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Fighting climate change with innovation

Amid school strikes, climate marches, and international summits, there is little debate over whether the climate is changing. This week, Rep. John Curtis (R-Utah) made a statement by beginning a weekly series on his Twitter account called #CurtisClimateChat

This move by a prominent Republican further signals that those on both sides of the political aisle have accepted the science behind climate change. Discussions have moved on, and if you’re arguing with leading research centers, universities, the Department of Defense, and a thermometer, you’re behind the times. 

Environmental conversations, like Curtis’ new series, are no longer about whether the climate is changing, but which solutions are best suited to confront the challenges we face head-on. While big-government proposals and economic takeovers often dominate the headlines, the truth is that any consequential plan to address climate change must include a strong commitment to innovation-based policy and global deployment.

Statistically speaking, the United States accounts for just 15 percent of global carbon emissions. While there are a plethora of ways to reduce emissions here in the U.S., our focus must go beyond only 15 percent of total emissions. 

Reducing emissions with domestic policy and implementing tight regulation will do little beyond compromising our economic strength while other nations continue to pollute. This is why we must lead with exportable-innovation over-regulation, as this approach will provide the global solution that climate change demands. 

It’s no coincidence that strong capitalist economies have done the best job of addressing climate change. While capitalist economies lead the world in innovation and emissions reductions, socialist and communist countries struggle with pollution and environmental mismanagement. An innovation-based approach to climate change is everything that sweeping regulation is not: politically popular, economically sound, and environmentally positive.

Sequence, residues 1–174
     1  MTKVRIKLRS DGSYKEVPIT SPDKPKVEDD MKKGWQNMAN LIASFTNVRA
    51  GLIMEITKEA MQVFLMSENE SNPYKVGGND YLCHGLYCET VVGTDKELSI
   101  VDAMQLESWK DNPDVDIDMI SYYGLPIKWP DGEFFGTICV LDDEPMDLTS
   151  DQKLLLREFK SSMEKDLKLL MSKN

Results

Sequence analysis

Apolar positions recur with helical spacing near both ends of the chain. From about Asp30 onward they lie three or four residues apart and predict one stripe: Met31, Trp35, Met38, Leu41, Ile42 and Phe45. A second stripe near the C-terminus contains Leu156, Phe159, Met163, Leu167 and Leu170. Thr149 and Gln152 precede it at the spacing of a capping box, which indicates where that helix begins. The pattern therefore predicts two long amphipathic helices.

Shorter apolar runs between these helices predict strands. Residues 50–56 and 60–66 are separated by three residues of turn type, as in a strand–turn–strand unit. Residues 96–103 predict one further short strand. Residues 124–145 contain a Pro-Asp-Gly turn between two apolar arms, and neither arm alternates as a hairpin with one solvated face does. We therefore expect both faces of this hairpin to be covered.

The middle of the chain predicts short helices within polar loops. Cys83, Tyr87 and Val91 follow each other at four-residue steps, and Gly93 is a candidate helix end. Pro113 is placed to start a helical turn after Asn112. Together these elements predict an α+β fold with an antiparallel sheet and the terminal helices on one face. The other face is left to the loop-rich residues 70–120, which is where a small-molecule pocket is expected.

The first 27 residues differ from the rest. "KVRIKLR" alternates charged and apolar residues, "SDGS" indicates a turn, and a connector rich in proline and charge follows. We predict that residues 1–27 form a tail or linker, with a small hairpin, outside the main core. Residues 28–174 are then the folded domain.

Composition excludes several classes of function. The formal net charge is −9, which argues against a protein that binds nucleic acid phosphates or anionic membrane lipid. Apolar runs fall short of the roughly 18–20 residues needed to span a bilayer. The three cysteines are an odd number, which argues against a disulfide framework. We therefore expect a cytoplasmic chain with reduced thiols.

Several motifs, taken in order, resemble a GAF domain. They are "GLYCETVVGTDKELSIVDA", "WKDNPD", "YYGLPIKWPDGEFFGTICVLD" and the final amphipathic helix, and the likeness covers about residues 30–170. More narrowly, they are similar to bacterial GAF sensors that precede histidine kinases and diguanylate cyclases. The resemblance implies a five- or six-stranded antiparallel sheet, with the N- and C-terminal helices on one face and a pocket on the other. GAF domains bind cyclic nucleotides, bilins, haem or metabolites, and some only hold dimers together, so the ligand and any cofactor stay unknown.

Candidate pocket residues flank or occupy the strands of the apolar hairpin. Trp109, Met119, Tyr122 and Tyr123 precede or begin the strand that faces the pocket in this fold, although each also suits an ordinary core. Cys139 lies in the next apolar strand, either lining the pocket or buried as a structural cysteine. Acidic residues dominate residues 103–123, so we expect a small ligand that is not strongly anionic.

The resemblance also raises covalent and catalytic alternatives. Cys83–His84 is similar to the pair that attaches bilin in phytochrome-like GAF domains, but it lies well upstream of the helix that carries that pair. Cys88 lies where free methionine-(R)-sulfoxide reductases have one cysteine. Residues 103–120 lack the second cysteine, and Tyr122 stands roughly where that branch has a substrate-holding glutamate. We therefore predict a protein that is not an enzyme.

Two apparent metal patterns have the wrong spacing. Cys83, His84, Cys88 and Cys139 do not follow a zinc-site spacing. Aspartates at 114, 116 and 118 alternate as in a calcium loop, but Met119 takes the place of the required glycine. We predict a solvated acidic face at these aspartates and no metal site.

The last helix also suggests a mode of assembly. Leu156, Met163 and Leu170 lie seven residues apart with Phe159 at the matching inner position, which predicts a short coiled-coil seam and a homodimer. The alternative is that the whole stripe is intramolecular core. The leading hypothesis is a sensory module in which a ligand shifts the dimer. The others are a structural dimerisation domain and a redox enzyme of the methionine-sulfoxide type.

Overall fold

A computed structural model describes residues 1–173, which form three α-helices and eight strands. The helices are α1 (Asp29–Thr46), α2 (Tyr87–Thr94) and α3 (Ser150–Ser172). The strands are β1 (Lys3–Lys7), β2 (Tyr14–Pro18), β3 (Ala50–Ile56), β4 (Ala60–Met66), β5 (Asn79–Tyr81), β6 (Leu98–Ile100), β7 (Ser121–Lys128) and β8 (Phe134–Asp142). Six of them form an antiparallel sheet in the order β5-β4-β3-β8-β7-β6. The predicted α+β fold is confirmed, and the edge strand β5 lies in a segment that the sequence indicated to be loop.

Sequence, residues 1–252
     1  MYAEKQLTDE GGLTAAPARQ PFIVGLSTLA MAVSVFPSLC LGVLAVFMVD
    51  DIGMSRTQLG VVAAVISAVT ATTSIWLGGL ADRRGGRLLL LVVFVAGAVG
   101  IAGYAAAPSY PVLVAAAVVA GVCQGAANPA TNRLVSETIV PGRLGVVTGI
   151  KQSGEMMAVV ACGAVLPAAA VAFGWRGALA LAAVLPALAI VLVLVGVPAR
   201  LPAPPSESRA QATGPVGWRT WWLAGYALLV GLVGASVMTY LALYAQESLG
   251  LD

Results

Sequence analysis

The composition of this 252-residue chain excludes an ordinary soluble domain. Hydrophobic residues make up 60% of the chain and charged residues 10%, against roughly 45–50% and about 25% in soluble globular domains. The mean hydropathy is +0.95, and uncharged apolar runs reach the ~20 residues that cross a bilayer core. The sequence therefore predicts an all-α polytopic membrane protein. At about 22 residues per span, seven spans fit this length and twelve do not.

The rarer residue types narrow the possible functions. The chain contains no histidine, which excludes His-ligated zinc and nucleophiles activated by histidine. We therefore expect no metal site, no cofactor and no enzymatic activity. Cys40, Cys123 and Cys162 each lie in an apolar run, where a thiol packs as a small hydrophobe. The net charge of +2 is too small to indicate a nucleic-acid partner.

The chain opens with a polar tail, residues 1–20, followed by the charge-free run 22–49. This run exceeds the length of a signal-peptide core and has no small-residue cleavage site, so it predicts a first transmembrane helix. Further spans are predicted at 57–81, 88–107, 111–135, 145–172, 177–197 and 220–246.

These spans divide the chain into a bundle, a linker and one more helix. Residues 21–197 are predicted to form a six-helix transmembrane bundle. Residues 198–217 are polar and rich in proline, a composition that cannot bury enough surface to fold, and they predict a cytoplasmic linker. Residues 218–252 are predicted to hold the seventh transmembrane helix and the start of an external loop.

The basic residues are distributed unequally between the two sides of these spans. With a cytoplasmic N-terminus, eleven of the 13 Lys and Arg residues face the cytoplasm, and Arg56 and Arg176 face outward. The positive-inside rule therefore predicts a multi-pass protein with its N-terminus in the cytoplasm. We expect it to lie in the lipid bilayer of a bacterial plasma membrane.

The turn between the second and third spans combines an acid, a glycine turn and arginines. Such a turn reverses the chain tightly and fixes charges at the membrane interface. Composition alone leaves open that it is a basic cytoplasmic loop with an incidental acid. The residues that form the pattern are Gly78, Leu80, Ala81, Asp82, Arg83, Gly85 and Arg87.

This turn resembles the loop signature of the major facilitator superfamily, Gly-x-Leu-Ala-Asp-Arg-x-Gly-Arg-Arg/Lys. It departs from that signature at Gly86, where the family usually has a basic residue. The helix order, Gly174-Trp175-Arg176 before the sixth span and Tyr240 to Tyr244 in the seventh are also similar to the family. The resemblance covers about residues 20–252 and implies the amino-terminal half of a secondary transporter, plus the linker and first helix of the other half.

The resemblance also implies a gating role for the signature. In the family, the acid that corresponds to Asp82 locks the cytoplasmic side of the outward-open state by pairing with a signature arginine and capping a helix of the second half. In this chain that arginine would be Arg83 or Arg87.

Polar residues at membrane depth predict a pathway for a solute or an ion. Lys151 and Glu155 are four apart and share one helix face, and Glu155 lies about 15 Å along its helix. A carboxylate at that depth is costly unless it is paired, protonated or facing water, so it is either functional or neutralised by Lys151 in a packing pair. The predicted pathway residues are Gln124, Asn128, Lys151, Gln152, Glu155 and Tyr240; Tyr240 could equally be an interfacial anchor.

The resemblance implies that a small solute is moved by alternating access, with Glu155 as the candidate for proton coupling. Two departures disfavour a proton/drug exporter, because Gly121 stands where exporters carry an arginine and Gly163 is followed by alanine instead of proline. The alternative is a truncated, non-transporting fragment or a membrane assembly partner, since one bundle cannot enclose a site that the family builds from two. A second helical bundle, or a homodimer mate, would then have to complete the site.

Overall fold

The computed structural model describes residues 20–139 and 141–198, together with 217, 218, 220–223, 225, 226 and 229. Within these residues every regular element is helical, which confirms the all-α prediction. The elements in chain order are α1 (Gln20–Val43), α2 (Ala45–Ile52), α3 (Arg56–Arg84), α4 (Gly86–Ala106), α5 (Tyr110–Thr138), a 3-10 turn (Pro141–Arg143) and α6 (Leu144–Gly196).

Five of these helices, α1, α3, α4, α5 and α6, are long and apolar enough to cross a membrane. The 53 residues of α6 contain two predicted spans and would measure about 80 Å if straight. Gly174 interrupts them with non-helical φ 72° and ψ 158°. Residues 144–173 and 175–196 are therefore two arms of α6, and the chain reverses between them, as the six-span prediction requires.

Technologies such as carbon capture, battery storage, and advanced nuclear power hold the key to reducing emissions while fostering a healthy and growing economy. After all, a strong economy is what allows us to invest in innovation, scale technologies, and deploy them globally. 

Investing in research and development accelerates the deployment of cutting-edge technology, which ultimately makes fossil fuels cleaner and renewables more competitive. Further developments in battery storage technology, for example, will make solar and wind more reliable, allowing those clean sources to play a more significant role in a diverse and reliable energy portfolio.

While promising clean energy technologies continue to scale, the demand for fossil fuel still exists. While some 2020 presidential candidates have pledged to ban these fuels in the United States, this approach will not result in global emissions reduction. 

There’s no getting around it: because of innovation, The United States’ energy exports are cleaner and safer than other countries’. This reality means we must look to developing technology such as carbon capture and storage, which will remove carbon dioxide from the air and make fossil fuels more sustainable. 

While CCS may be still in developmental stages, we can lean into natural solutions like carbon sinks and forestation for now. One thing is clear: To lower current levels of carbon; we must deploy these and other negative-carbon technologies, not just reduce our emission levels as they stand. It is innovations such as these that will ultimately move us forward towards a cleaner, brighter future.

A climate plan that prioritizes innovation will leverage the minds of entrepreneurs and innovators who make this country so great. Given our successful track record of addressing global challenges and introducing new technology to the world, the United States should seize the opportunity these solutions present to address climate change. 

While the Democratic base and party may be divided on a Green New Deal-style plan, support for an innovation-based approach is widespread, and members of Congress in both parties are warming up to the idea of investing in innovation as a critical solution to climate change. Instead of promoting big-government policies, bipartisan groups of legislators have introduced bills to leverage innovation to reduce emissions and strengthen America’s economic future. 

These bills include the USE IT Act, NELA, and the BEST Act, all of which prioritize innovation and can pass with bipartisan support and begin making a difference in emissions immediately. Passing these bills would serve as an ideal starting point for Republicans and Democrats wanting to pursue tangible climate change solutions. While starting conversations about climate change is essential, it’s time to take real action, and leading with innovation is a surefire way to do so. 

Danielle Butcher is the chief operating officer for the American Conservation Coalition.


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